A new discovery of the unwanted influence of humans.
In Africa people eat monkey meat for the protein it contains. You can guess this is bad news for the monkey population, but it actually has far bigger consequences for the whole forrest and eventually for humans themselves. It could lead to less fruits and nuts, typically those that men also eat, like mango’s.
Swedish, American and Nigerian ecologists investigated various African rain forrests where there was a lot of bushmeat hunting and compared them to area’s with no or little hunting on primates. Their findings were published last week in the Proceedings of the Royal Society B.
They found the large trees were generally the same in the hunting and no-hunting area’s. But the types of seedlings, young vegetation, and the amount of rodents, the little animals that gnaw a lot, were quite different. Like participants in every ecology, it turns out the monkeys here also serve an important function.
A lot of vegetation relies on primates to spread their seeds. The monkeys keep them in their mouth and spit them out somewhere else or the seeds travel even further via poop. If the monkey population shrinks down, the vegetation that relies on wind or other animals starts to take over.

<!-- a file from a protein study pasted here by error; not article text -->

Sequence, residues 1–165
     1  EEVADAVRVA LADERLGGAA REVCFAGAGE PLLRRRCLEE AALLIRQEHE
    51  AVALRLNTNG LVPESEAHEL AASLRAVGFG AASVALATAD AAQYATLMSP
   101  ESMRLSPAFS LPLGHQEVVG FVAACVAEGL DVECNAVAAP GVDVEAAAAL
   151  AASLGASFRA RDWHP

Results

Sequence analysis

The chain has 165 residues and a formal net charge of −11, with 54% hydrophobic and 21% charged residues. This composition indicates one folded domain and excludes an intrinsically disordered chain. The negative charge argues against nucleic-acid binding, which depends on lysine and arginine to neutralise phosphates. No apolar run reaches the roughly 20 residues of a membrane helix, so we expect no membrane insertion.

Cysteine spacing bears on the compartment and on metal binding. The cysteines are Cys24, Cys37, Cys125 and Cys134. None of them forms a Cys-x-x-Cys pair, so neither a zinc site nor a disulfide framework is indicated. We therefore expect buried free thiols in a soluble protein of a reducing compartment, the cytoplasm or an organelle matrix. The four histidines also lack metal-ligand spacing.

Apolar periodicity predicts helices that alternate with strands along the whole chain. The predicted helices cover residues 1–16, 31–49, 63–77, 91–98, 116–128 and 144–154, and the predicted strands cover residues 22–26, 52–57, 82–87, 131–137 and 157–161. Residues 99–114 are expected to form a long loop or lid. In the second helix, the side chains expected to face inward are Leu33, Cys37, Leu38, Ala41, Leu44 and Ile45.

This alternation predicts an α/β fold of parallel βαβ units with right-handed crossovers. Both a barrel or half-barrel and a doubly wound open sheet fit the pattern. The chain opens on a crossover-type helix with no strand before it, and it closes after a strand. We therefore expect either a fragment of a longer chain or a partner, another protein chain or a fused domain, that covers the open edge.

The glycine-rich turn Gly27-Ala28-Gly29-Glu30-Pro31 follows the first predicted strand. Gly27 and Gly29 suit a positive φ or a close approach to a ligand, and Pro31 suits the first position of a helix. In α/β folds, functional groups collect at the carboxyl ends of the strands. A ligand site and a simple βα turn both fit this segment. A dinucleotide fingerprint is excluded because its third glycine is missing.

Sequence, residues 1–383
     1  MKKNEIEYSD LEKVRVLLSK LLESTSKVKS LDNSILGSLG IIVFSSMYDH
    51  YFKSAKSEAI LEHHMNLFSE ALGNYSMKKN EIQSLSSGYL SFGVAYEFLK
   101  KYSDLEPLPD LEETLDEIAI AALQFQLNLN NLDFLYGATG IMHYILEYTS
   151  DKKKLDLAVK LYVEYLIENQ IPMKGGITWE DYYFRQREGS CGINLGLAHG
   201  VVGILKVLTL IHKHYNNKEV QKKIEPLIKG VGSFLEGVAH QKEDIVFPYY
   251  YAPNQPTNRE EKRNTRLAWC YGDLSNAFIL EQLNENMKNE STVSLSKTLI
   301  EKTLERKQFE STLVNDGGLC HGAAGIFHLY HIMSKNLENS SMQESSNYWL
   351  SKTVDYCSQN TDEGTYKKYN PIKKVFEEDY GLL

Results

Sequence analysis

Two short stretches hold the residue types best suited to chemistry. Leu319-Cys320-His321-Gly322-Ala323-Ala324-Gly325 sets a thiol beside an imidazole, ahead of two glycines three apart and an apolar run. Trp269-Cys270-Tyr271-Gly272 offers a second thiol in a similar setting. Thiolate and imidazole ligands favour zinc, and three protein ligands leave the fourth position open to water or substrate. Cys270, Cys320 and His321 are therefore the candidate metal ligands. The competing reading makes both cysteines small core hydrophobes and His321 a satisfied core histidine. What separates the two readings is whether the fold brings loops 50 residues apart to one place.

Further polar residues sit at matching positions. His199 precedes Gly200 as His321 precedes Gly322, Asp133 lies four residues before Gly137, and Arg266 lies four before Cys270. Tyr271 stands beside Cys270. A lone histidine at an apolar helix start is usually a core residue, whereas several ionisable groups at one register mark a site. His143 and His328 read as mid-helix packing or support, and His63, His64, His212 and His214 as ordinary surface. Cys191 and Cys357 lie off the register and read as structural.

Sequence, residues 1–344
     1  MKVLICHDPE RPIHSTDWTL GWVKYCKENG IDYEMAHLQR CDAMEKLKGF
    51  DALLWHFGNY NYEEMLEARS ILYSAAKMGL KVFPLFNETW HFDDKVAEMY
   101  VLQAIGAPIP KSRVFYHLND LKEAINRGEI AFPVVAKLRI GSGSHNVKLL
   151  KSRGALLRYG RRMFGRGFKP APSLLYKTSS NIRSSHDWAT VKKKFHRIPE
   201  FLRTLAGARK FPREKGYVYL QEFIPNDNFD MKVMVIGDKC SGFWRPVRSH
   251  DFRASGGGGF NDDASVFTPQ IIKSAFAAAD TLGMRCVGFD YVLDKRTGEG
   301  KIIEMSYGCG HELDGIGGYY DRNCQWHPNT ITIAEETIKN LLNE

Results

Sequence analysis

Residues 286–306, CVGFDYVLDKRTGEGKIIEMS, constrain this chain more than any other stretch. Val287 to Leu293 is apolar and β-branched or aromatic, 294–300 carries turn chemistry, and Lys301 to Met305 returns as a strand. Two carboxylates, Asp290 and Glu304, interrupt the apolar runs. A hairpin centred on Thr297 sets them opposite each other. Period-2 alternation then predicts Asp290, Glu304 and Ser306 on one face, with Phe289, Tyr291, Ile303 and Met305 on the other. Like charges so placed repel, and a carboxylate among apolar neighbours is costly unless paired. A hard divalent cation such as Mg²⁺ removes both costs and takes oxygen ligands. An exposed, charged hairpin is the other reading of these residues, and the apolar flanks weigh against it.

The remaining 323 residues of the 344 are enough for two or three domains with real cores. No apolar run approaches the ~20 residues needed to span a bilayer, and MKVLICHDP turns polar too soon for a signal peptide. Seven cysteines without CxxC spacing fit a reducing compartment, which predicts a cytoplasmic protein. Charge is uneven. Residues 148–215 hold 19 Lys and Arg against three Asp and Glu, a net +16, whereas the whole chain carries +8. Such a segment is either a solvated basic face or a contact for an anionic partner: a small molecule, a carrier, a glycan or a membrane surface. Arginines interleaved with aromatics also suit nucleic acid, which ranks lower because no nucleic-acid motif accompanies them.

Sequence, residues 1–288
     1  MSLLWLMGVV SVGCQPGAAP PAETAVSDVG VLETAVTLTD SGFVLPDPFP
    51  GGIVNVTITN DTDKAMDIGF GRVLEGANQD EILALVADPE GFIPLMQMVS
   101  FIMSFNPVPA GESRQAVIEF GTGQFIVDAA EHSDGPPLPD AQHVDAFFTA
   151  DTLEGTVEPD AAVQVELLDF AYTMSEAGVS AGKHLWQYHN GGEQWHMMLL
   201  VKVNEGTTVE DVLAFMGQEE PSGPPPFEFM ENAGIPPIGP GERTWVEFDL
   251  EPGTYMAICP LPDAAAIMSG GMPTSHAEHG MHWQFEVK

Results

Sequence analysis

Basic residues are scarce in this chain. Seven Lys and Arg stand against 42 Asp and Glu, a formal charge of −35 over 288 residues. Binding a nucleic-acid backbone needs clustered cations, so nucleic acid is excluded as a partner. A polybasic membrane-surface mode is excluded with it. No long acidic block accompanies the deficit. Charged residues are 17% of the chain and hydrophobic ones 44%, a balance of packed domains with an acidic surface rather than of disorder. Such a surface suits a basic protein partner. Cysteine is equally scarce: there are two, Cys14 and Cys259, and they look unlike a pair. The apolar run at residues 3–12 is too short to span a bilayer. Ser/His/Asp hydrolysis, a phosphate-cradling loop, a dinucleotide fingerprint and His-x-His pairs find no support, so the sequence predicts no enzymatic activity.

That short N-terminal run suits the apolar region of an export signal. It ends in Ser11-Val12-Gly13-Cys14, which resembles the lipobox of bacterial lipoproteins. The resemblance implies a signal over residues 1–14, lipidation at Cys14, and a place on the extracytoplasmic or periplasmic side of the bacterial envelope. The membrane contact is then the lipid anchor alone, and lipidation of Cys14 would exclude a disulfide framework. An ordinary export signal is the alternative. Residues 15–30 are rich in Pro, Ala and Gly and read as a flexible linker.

This is indeed what the researchers found in the seedlings of the investigated forrests. In the future these area’s will probably look a lot different and contain less fruit and nuts for monkeys and humans. And what does it mean that the researchers found more rodents in hunting area’s? If the primates don’t eat fruit and nuts, it falls on the ground and serves as food for rodents. But they don’t spread the seeds, they gnaw them.
Photo: Flickr, vladdithephotogeek
Source: NRC Handelsblad, Huffington Post, LiveScience
Effiom EO, Nuñez-Iturri G, Smith HG, Ottosson U, & Olsson O (2013). Bushmeat hunting changes regeneration of African rainforests. Proceedings. Biological sciences / The Royal Society, 280 (1759) PMID: 23516245